THU, 07 DEC 2000 22:23:12 GMT
AIM Athens, December 7, 2000
Recently an event took place in a Greek school which is characteristic of the overall Greek attitude towards the Albanians from Albania residing in Greece. The Greeks, for the most part, have shown a marked intolerance towards the Albanian migrant workers and their families, an attitude which smacks of ethnic discrimination bordering on racism. Ironically this was precisely the attitude of the host countries and their people towards Greek migrants in the United States in the first part of the 20th century and towards Greek migrant workers in Germany in the 1950s and 1960s.
In the case in question, a young Albanian pupil happened to excel in his class having earned the highest grades, an achievement which by reigning Greek school rules entitled him to bear the Greek flag during the school's parade in Greece's national holidays, something which is regarded a great honor. The Greeks at the local level were apparently appalled at the prospect of an Albanian bearing the Greek flag and ended up not permitting the youngster to carry the flag. Not being ethnically Greek, he was not deemed worthy of such an honor. Greeks at governmental level, including the Greek President, where mortified and took to upholding the young Albanian's right to bear the Greek flag. However the grounds for this more correct view are, it seems to me, suspect. They imply paternalism and a subtle attempt at ethnic assimilation.
What is beyond doubt is that in the last ten years, the Albanians rank last according to the Greek images regarding other nations and ethnic groups, even below the Roma and the Turks who are also held in very low esteem. Why this downgrading? We will try to offer some possible reasons for this despicable state of affairs.
Well before the upsurge of Greece ultra-nationalism, which manifested itself during the first part of the 1990s with the Greek-Macedonian dispute over "the name of Macedonia" and more recently with the hysterical fundamentalist nationalism of the Orthodox Church of Greece, nationalist sentiments were instilled in Greece by way of the most traditional and effective method: namely primary and secondary education (and in some cases even at university level). Education, as it is well known, has been used as a vehicle of political socialization, the process whereby young individuals learn to become enthusiastic patriots and loyal citizens of their country and state. The Greek educational system is of course not unique in pursuing such aims and hardly the inventor of such forms of socialization to the nation. Similar processes are more than obvious in all the countries of Southeastern Europe and beyond. Even a student in, say, Denmark is taught somewhat differently a historical event regarding inter-Nordic relations than a Swede or a Norwegian, though these countries have not gone to war between themselves for centuries. One is made to love his country and feel a sense of utmost devotion to his nation and by the same token to despise and hate his/her nation's historical enemies, who are regarded uncivilized, untrustworthy, immoral, hostile, aggressive, expansionist, devious and so one. The key is of course to convince one's fellow citizens of the supremacy of one's nation (a) by bestowing the nation with all the merits imaginable and (b) downgrading all foreign nations and groups, the enemies the more so. The national myth is part and parcel of the national narrative and national project.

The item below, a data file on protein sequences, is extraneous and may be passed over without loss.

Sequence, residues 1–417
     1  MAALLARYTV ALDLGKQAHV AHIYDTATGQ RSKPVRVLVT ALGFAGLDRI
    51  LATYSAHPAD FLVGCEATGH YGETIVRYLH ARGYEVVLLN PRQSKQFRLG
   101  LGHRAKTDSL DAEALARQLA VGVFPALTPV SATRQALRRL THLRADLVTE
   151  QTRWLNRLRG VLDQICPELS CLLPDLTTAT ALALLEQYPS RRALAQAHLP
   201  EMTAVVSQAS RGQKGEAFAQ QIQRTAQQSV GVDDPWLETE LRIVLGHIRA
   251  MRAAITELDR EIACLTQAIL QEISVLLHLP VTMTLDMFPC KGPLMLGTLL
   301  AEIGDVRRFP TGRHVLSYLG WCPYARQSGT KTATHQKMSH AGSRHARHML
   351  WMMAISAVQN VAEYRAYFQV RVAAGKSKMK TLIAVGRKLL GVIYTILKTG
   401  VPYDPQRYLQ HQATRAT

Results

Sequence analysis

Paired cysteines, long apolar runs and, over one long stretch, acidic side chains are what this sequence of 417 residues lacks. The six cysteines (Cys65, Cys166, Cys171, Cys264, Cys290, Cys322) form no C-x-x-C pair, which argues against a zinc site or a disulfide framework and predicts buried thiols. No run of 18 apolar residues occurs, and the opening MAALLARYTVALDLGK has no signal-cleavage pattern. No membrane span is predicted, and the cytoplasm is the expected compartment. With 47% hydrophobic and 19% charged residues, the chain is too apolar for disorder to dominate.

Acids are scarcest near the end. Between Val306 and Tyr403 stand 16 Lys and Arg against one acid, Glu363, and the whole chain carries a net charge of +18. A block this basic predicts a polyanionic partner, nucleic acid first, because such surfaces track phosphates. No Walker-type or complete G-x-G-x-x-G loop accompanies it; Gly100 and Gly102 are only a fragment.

In the Greek case, the pupils are thought to be intolerant of other nations and ethnic groups (outside and within Greece). The Greek educational system teaches them and makes them believe that the Greeks are superior to all others; that the Greeks are the direct descendent of the illustrious ancient Greeks, who are said to be the greatest civilization of ancient times and the point of departure of Western civilization; and that the Greeks (presumably the ancient Greeks) are the creators of all major human values with an incomparable contribution to world culture. Greek students are also taught that their nation is more than 3000 years old. They do not recognize the well-known fact that nationhood is a very recent phenomenon in human history and that hardly any Greek nation or people existed in the classical ancient Greek cultural-linguistic milieu of antagonistic city-states. Again the attempt at historical depth is characteristic of most national historical narratives, but the Greek case is one of the most extreme, comparable only to the Israeli or Ethiopian cases. Furthermore it is deeply held and provides the Greeks of today with one of the most glorious myths ever conceived. It gives rise to self-esteem but also to arrogance and haughtiness towards all others.